That word, Doctor, is funny. Father. When I picture my own father the first things I think of are his hands. He has these massive hands that used to fascinate me when I was younger. I would push my fingers beside his and compare the size. Aligning our thumbs and pinkies, and balking at the difference. One of my earliest memories is of those hands picking me up and over a large puddle on Halloween, my ballerina costume fluttering in the October air. And my dad’s hands holding me up. I could never picture those hands hurting me. A father.
Dr. Sims was not the same man. He was a man who tested on enslaved women. Poking and prodding and performing surgery on them without anesthesia. This “Father of Modern Gynecology,” this man whose work came at the pain and expense of black women. Whose lives and dignity were put on the line for medicine that would serve to benefit their white counterparts far before that of their own community. And isn’t that still true today Doctor? We talk about his tools and techniques, how women today are safer for it, but in the same breath Doctor can we talk about how quickly we are dying? Black women, the very women used as sacrificial lambs to the slaughter so long ago — and still today if we’re keeping count — are three times more likely to die from pregnancy-related causes than that of their white counterparts according to the CDC. The CDC goes on to say that when considering the cause of this alarming number, “multiple factors contribute to these disparities, such as variation in quality healthcare, underlying chronic conditions, structural racism, and implicit bias. Social determinants of health have historically prevented many people from racial and ethnic minority groups from having fair opportunities for economic, physical, and emotional health.”
And so it seems, as black women of the past were violated in the name of science, black women today die despite or because of it.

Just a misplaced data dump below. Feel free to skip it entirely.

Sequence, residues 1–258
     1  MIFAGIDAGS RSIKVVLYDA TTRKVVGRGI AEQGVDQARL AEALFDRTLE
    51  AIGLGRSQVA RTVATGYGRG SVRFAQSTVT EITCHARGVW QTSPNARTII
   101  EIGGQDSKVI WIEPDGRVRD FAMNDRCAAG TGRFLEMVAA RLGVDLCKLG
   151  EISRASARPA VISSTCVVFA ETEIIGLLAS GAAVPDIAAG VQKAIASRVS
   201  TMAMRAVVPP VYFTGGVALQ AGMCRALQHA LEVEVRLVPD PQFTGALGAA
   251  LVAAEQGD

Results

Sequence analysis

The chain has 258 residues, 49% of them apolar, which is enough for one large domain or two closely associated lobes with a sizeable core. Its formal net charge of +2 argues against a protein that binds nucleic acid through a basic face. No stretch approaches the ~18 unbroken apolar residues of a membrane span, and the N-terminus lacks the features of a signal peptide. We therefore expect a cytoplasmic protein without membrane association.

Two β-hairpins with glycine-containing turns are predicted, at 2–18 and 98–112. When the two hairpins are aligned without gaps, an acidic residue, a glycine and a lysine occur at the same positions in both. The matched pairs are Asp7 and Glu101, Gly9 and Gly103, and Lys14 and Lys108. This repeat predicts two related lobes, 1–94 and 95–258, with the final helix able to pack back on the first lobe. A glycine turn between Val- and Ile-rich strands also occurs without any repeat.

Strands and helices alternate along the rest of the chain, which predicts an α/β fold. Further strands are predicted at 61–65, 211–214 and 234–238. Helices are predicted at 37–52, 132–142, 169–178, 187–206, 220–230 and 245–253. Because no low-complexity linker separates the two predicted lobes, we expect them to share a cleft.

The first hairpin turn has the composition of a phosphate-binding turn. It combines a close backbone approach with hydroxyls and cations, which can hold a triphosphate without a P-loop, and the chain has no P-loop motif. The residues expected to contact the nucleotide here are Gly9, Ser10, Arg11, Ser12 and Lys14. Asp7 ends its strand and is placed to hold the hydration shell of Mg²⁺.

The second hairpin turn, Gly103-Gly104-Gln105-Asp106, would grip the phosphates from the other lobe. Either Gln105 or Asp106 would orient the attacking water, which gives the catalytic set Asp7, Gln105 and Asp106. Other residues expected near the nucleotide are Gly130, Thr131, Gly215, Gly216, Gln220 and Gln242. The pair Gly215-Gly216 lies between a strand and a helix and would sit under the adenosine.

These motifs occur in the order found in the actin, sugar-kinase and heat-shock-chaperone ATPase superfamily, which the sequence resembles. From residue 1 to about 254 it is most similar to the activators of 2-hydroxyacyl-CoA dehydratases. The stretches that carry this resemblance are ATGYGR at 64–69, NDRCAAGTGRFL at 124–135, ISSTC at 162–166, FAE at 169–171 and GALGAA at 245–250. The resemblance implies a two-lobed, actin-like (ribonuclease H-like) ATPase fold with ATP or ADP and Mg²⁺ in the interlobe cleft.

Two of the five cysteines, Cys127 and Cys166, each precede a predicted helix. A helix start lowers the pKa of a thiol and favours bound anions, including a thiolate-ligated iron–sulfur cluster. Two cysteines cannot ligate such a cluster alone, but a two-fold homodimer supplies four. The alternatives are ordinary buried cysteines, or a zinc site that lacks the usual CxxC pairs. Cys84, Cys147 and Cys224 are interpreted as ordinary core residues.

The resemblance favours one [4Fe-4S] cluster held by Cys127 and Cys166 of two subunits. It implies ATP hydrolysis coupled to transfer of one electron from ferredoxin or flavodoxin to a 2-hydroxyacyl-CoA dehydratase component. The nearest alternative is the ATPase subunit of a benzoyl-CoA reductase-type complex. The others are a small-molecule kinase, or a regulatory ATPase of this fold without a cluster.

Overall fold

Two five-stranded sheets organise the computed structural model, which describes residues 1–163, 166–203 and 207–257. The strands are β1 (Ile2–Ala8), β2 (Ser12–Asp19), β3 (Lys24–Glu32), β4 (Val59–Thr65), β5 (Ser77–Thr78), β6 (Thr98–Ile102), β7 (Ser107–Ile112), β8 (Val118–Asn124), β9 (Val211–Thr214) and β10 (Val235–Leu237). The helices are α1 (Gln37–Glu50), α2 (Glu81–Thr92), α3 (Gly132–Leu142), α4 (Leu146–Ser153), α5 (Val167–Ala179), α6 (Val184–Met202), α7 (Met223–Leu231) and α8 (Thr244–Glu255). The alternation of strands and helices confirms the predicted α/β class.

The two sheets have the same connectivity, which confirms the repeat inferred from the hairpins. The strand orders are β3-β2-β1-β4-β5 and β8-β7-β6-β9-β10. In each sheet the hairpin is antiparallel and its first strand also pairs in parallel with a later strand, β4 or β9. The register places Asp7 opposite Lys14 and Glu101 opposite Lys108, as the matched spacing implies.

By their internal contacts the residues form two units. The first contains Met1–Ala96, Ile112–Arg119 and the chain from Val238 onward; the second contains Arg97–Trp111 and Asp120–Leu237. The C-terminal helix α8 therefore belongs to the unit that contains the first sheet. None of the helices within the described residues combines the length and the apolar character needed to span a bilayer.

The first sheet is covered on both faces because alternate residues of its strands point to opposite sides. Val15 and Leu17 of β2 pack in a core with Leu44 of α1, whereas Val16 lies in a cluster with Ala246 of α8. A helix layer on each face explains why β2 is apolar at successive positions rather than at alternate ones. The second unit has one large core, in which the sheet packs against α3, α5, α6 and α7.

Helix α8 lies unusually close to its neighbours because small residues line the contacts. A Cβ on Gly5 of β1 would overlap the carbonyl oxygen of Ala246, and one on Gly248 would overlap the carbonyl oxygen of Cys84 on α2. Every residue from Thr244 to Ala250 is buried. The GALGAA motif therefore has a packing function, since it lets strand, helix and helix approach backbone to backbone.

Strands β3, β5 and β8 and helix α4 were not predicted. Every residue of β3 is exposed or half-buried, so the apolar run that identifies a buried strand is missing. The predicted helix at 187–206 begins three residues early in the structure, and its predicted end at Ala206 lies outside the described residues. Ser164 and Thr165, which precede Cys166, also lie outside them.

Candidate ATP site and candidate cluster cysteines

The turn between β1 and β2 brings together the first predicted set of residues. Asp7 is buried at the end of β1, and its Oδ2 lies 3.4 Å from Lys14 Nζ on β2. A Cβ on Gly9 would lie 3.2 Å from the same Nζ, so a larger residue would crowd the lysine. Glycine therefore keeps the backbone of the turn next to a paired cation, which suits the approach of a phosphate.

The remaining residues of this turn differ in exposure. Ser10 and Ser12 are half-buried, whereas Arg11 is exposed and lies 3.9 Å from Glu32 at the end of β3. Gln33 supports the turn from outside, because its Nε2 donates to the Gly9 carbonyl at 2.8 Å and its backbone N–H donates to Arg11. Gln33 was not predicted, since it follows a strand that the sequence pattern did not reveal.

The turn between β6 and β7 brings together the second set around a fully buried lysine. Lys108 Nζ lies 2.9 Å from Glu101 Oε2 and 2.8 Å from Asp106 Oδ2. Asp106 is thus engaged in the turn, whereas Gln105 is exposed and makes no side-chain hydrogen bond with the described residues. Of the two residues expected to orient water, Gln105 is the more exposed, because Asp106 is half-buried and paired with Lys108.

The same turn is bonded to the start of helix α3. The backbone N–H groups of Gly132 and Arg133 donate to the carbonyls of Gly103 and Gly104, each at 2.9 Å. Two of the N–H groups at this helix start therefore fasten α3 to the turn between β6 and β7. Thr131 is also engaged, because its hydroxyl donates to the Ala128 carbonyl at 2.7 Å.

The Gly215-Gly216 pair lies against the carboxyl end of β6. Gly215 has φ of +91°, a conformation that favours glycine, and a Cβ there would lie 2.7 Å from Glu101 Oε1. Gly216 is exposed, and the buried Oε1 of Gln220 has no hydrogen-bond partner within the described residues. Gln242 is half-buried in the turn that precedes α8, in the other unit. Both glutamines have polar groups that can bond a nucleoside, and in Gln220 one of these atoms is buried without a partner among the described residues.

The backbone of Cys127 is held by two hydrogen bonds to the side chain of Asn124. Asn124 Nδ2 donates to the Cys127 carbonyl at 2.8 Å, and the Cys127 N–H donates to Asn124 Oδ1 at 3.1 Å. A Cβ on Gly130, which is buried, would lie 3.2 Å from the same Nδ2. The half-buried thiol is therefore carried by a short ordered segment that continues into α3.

The manipulation and exploitation of black and brown bodies in the name of “research” and “science” at the hands of those meant to help us is not unheard of. It does not begin and end with Henrietta or the unnamed enslaved women who were victims of Sims. We can trace it in the Tuskegee Syphilis Study and find it lurking around the body of Sarah Baartman. We can see how our history has tainted our future.
The true destruction of medical racism is in the silence. Whispers surrounding our medical institutions and an outright refusal to make concrete changes that would actually save lives for fear of admitting what we already know to be true. Medicine was built on ideals that shape how doctors treat black and brown patients today. Our past has shaped how they are taught to administer medicine, how they are taught to listen and believe in their black patients. In her 2018 article, Kathleen Bachynski writes “Racist health beliefs have proven remarkably durable not only because they were at the core of medical advances such as VVF repair but also because of an ongoing absence of “critical thinking and writing on racism and health in mainstream medical journals.” For example, the belief in biological differences in pain tolerance between black and white patients continues to affect American medical practice today — just one of a number of troubling beliefs about biological racial differences plaguing modern medicine.”
And today, in a time where vaccines are politicized and testing becomes a commodity, we ask the Black community why they do not trust the white coats. Doctor, you cannot scratch your head and shrug your shoulders, wondering why my cousin refuses to trust in the medicine. All the while forgetting the past. Forgetting that for a long time the medicine was not made for us. We were tools to be used — tongs, a speculum, a black woman. Speak on it.
Doctor, I believe in the science. I believe in the medicine. But I have seen the danger. I have seen the cruelty. I have seen the violence. I have seen your history. Perhaps it is time to use your history — the dark and twisted bits — without shallow explanation and halfhearted apology, to decolonize the emergency room.
To the Doctors Who Used Us